Eleanor and Hick: The Love Affair That Shaped a First Lady
Susan Quinn’s new book addresses a facet of Eleanor Roosevelt’s life that has been hinted at but never fully developed. Quinn’s book, based in part on research involving thousands of letters exchanged between Roosevelt and Lorena Hickok, provides readers with an intimate look at what many believe is a controversial topic. The result is a fascinating read.
Eleanor Roosevelt is renowned as the first presidential spouse to develop her own identity independent of her husband. Franklin Delano Roosevelt was a powerful presence yet his wife, Eleanor, pursued her own interests in a way that had never been seen before.
Eleanor came from the Teddy Roosevelt branch of the family. Throughout her life, Eleanor promoted a variety of political and social causes. Her activism did not start with FDR’s election to the presidency. Quinn reveals that she was a reluctant political spouse because that role usually relegated the woman to a subordinate role. Still, she supported her husband’s career that propelled him into the White House for an unprecedented four terms. During her time living in the presidential fish bowl, Eleanor influenced numerous New Deal programs, including some that faced initial opposition from her husband and his advisors.
Quinn’s book presents a well-rounded account of Roosevelt’s time in the White House and the friendships she developed with a variety of strong, opinionated women, including Lorena Hickok.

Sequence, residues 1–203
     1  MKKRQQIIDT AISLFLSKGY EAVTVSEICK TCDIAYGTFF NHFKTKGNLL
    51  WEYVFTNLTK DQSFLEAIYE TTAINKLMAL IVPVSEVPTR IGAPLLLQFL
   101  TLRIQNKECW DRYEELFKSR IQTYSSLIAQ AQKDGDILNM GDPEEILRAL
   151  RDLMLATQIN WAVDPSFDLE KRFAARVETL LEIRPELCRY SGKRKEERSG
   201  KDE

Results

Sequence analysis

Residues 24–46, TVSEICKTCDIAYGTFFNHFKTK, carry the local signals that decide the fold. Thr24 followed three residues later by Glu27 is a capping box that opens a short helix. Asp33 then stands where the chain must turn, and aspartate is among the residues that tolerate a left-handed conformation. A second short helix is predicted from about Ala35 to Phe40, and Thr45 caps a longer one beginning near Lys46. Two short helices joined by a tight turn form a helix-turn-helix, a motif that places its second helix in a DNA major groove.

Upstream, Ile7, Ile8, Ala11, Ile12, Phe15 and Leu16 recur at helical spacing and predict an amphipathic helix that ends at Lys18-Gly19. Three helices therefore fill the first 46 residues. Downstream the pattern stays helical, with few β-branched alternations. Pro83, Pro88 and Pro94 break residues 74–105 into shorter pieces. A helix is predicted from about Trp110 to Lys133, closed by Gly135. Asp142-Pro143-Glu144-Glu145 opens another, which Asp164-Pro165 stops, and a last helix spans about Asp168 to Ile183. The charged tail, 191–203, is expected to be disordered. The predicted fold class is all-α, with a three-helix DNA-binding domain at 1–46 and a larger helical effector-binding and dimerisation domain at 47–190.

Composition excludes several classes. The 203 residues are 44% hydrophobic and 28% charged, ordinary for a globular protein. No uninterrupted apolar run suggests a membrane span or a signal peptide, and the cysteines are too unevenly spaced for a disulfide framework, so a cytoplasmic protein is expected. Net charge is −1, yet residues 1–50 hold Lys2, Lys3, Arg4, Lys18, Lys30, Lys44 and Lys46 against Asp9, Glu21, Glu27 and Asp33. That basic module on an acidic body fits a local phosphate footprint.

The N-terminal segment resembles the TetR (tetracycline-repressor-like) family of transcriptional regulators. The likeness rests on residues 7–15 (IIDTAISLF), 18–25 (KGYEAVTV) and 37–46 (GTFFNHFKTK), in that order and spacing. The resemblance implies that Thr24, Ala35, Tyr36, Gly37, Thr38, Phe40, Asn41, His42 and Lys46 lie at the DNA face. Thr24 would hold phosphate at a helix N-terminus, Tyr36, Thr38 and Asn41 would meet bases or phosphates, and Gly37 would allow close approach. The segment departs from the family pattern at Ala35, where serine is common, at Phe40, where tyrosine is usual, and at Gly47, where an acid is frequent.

Many people may be unfamiliar with Lorena Hickok and her friendship with Eleanor Roosevelt. Quinn’s book provides an introduction and insight into these remarkable women and their intense and, at times, convoluted relationship.
When they met, Hickok was a well-respected reporter for the Associate Press. Quinn takes the time to introduce the reader to Hickok’s less-than-pleasant childhood and presents her as a quick-witted yet vulnerable woman.
Hickok exerted considerable influence over Eleanor’s development as First Lady. This included encouraging Eleanor to hold press conferences for the women journalists who were covering her. That was a novel concept for a First Lady and it met with considerable criticism—most of it from men who disliked opinionated women. Fortunately, Eleanor Roosevelt was a formidable force and not dissuaded from taking the heat.